That may sound trivial, but it isn’t. Some of the faces and voices are easy to read—these are labeled “high-intensity”—but many of them are subtle. Like deciding whether the Mona Lisa is smiling inside, or whether she’s just bored or unhappy. I tried the test and got some of the answers wrong. One guy sounded mildly depressed, but the test told me he was actually mildly afraid.
The summer camp kids had the same experience. They made an average of 14 errors across the 48-item test. Four days of camping and hiking later, the kids were ready to file onto buses to return home. Before they did, the researchers administered the DANVA2 again. They reasoned that a week of face-to-face interaction without distraction from gadgets might make the kids more sensitive to emotional cues.
We are a big fan of this marinade. I generally let it sit for a couple of days in the fridge and I also use a Jaccard Meat Tenderizer before using the marinade. Here is what Kevin Kelly’s Cool Tools has to say about it.
The Jaccard SuperTendermatic 48 blade meat tenderizer is simply the best tool I have ever found for turning tough but flavorful cuts, like flank steak and skirt steak, from chewy and hard to eat into tender and easy to bite and chew. To use the tenderizer you simply place it over the piece of meat on a cutting board and push down like an ink stamp forcing the blades through the meat. I am a professional chef and serious foodie from Texas, and I simply cannot imagine making either a chicken fried steak or a good fajita steak without it.
I spent years perfecting a marinade for beef fajitas, fine-tuning my seasonings, timing, cooking, and carving. I wasn’t satisfied with the finished product until I found the Jaccard tenderizer. I now a have a beef fajita that is tender, delicious and moist. When you take a bite it separates instead of pulling the whole piece of meat from your fajita. Likewise, my chicken fried steak was a real challenge. Traditionally a steak is run through a cuber which “tenderizes” the steak using a pair of rollers with interlocking grids to mechanically crush the steak. In my opinion this method smashes and “mushes” (highly technical term there) the meat without tenderizing. Yes, it does result in a “softer” mouthfeel, but it does absolutely nothing to create a steak that is easier to bite through and chew. The Jaccard, by cutting through the muscle fibers and connective tissue, actually creates a steak that is easily bitten off and chewed without the smashed / mushy mouthfeel.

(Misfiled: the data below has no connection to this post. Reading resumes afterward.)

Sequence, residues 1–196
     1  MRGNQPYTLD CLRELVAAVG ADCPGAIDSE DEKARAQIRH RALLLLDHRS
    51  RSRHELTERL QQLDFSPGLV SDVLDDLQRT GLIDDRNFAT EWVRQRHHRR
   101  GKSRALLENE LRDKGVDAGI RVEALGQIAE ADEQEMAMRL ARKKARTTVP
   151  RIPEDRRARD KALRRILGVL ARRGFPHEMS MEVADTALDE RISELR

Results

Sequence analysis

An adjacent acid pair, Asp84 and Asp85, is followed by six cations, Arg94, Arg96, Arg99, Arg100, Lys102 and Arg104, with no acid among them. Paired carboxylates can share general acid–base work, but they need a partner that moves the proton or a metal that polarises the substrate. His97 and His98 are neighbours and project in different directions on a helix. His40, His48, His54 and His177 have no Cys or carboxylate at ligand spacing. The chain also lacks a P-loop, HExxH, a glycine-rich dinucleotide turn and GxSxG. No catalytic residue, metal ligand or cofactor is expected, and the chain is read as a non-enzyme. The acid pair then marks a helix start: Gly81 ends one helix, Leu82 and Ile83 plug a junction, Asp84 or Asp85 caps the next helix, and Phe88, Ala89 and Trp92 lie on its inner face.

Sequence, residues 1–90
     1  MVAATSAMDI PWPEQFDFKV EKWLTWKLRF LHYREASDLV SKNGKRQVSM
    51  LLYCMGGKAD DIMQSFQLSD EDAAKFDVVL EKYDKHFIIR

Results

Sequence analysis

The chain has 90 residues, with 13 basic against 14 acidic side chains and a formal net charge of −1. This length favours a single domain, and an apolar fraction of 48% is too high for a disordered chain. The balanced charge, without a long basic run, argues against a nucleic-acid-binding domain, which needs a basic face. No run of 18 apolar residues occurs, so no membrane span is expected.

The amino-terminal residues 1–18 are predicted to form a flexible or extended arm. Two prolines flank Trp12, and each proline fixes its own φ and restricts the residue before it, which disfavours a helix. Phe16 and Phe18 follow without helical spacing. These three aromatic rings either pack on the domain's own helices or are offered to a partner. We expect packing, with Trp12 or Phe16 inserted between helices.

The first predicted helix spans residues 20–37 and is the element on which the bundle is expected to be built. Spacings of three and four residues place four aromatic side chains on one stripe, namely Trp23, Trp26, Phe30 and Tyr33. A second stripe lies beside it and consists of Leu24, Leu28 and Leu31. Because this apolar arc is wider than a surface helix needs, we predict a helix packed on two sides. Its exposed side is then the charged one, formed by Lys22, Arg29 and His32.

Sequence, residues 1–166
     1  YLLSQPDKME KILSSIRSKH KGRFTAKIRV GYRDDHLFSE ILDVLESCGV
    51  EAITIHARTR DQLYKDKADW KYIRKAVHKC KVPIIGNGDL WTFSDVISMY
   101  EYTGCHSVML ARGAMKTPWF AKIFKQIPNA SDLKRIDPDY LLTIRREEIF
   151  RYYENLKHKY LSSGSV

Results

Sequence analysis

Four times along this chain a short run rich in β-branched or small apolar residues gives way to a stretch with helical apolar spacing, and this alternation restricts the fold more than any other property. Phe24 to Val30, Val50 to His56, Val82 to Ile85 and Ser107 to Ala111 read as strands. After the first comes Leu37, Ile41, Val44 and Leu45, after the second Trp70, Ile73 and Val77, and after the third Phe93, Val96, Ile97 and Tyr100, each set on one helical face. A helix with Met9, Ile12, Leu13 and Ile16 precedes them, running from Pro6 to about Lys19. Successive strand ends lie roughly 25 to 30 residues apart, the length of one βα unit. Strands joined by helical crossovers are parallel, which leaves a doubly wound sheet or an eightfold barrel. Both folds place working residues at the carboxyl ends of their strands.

To be fair, we do use a hammer-style tenderizer to flatten and shape our chicken fried steaks, but without the Jaccard you can pound a flank steak until it falls apart without making it any easier to bite or chew. However, if you smash it flat and use the Jaccard the same piece of meat will fall apart in your mouth. This tool is so superior to the traditional hammer-style tenderizer that I use it on almost every beef, poultry, or pork cut I cook, and I cannot stress enough how awesome it is.
When you are done that, pour the marinade below over it it and let it sit.
- 1/3 cup soy sauce
- 1/2 cup olive oil
- 1/3 cup fresh lemon juice
- 1/4 cup Worcestershire sauce
- 1 1/2 tablespoons garlic powder
- 3 tablespoons dried basil
- 1 1/2 tablespoons dried parsley flakes
- 1 teaspoon ground white pepper
- 1/4 teaspoon hot pepper sauce (optional)
- 1 teaspoon dried minced garlic (optional)
- Place the soy sauce, olive oil, lemon juice, Worcestershire sauce, garlic powder, basil, parsley, and pepper in a blender. Add hot pepper sauce and garlic, if desired. Blend on high speed for 30 seconds until thoroughly mixed.
- Pour marinade over desired type of meat. Cover, and refrigerate for up to 8 hours. Cook meat as desired.
Lego and Disney are teaming up for a Star Wars: The Force Awakens video game, out this summer. The trailer for it is possibly more fun than the movie was and is well worth watching if you enjoyed The Lego Movie.
I brought a Canon EOS 40D and the longest, most versatile lens then available for that camera, a Tamron 18-270mm ƒ/3.5-6.3. This outfit gave me the 35mm equivalent of 29-432mm with a stabilized (Tamron calls it Vibration Compensation, or VC), reasonably fast, autofocus lens. Sure, sometimes I wished for more wide-angle when under an architectural masterpiece, and sometimes I wished for more telephoto reach when we saw elusive wildlife, but 99% of the time, that 29-432mm was all I needed. My only accessory was a polarizer for my lens. I also had two extra batteries and a good-sized JOBY GorillaPod tripod. We photographed every day, almost all day, especially when we got to a new place and didn’t need to “move on” till we decided it was time. My equipment held up fine for the entire 21 months.
Between 1928 and 1932, Western Union and AT&T Long Lines built two of the most advanced telecommunications buildings in the world, at 60 Hudson Street and 32 Avenue of the Americas in Lower Manhattan. Nearly a century later, they remain among the world’s finest Art Deco towers—and cornerstones of global communication. “Urban Giants” is an 9-minute filmic portrait of their birth and ongoing life, combining never-before-seen-construction footage, archival photographs and films, interviews with architectural and technology historians, and stunning contemporary cinematography.